The Work Release Program begins in earnest on Monday, Jan. 26, with the posting of "Promises", the first track from Imprint. For now, a history of the album is available.
Over the last few months — you could even say years — I’ve been dribbling out various recordings in a haphazard manner. I’ve posted cover songs to Facebook and drafts of demos on Metafilter Music. enigmatics marked the first official release from Eponymous 4. Well, I think I’m very, very close to making the first full-length Eponymous 4 album available.
This past winter, I hunkered down and focused on Imprint, the first set of songs I completed back in 2005, when I started to build my home studio. Back then, I considered the album "finished", even though I hadn’t recorded vocals. Three years and many distractions later, I finally have a set of performances that don’t totally make me wretch (but they still make me cringe.) I’ve also gotten a bit more practice — and invested more cash into — polishing these recordings. And they’re finally in a shape that I feel comfortable unleashing upon the world.
That’s not to say they’re the definitive versions of these songs.
In reality, these recordings are still demos. Production-wise, they still need much more clean-up than I can afford, and performance-wise … well, let’s just say I’m not the best interpreter for my own material. Ideally, I would be recording these songs with a band, but I’m not at that point yet.
Instead, I’m initiating the Work Release Program, in which these "demo albums" are released exclusively on this site. I’ll post one track each week till all the tracks of the album have been made available. Imprint will be the first release in this program, with an EP, 「風の歌を聴け」, following.
I’ve just finished the first round of mixing for Imprint, so I’ll need a few days to live with it and make any additional tweaks. I hope to start posting tracks by the end of January or at the start of February.
I may even make these releases commercially available online, through CD Baby, iTunes, Amazon and other services. At this point, I’m not considering a physical CD release, but I’m not ruling one out either.
In the spirit of holiday consumerism, I’ve knocked down the price of enigmatics CDs to $6.00, which is a paltry savings of $2.00. The sale is available only through the Eponymous 4 official site, since Amazon and the various digital services set their own prices. This discounted price is available all the way through Christmas Eve.
I decided on this sale thing pretty spur of the moment, so it may be a bit late to get mail orders turned around in a timely manner this far into the season. I figure it’s worth a shot anyway.
If you live in Austin, you can arrange to buy a copy from me in person.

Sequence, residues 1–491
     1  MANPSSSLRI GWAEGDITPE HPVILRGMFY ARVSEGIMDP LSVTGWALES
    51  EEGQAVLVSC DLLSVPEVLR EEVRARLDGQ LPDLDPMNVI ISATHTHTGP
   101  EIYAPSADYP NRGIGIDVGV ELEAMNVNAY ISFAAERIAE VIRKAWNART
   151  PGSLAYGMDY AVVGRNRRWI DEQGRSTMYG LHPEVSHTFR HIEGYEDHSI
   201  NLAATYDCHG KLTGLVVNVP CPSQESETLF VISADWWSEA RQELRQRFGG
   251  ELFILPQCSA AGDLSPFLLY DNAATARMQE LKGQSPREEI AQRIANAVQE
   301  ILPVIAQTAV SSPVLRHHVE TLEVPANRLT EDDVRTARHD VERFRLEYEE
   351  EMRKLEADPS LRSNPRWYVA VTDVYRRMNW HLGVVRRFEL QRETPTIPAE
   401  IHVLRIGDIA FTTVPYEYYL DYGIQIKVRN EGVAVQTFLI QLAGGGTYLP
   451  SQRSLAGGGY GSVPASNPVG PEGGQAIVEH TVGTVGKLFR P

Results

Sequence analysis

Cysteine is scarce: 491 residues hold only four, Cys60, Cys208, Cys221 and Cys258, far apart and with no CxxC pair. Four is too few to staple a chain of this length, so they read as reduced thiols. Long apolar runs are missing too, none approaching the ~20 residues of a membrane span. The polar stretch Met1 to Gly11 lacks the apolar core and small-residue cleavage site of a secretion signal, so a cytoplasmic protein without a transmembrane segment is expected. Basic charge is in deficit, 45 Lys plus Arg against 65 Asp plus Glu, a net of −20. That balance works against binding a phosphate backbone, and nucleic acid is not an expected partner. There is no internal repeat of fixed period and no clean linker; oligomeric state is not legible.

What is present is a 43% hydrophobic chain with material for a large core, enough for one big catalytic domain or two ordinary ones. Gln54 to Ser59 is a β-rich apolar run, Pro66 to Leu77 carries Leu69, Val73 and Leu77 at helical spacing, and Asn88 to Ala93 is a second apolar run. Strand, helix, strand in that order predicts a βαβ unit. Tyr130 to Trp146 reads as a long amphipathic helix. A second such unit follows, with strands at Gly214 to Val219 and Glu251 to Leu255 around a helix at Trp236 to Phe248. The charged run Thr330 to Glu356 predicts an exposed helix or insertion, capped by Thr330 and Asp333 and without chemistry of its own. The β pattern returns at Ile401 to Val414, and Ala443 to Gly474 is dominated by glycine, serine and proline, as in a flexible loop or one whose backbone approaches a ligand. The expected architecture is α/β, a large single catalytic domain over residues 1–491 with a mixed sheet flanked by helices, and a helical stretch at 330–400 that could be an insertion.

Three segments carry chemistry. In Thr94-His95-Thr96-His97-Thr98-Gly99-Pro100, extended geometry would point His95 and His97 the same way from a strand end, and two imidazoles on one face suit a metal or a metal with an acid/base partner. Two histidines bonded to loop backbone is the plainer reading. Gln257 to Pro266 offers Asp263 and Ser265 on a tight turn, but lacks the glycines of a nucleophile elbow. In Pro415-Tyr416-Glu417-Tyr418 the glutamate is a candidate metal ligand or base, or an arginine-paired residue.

This EP is pretty chilled out, so it might make for some good cold weather listening. It’s great for more "mature" listeners who aren’t much into the rock and/or roll.
enigmatics is also available from Napster, Ruckus, Didiom, Lala and rVibe. Inprodicon will be delivering it to the Nordic region, and eMusic may carry it eventually. (We’ll see.)
It’s slightly early to be talking about the holidays — as if the Christmas lights already on sale at Target aren’t any indication — but I still have plenty of copies of enigmatics available, and uh, not a single one has sold at Waterloo. (Yeah, I check sometimes.) I think it would make nice chill out music for the coming colder months, so think about it as a stocking stuffer.
So last time, I presented a video for a song that wasn’t even on enigmatics. This time, I actually have a video from enigmatics!
"enigmatics IV" is pretty much the de facto single from the EP, so I decided to "shoot" a video for it. But I did it the hard way — instead of shooting actual video, I took a series of high-speed pictures, more than 8,500 at the end of it. I strung those pictures into Womble MPEG Video Wizard to create the footage. I then edited the final video in Sony Vegas Movie Studio.
YouTube, however, was very uncooperative with encoding the final results, and I spent all day Sunday uploading and deleting, uploading and deleting. I finally installed an evaluation version of Vegas Movie Studio Platinum Edition to render an MP4 as close to the suggested YouTube settings as possible. The lo-res version still looks like crap, but the hi-res version doesn’t screw up the picture too badly. Here’s the video, as close as YouTube can offer it.
[UPDATE, 08/03/2008, 15:08] YouTube has gone out of its way to make sure music videos uploaded to their site turn out to be absolute crap. The latest offense is an automated compression that absolutely crushes the dynamic range of a video’s sound.
That’s the final straw. I figure I’ve got enough server space to host the videos my own damn self. What I trade in exposure I retain in a proper viewing experience.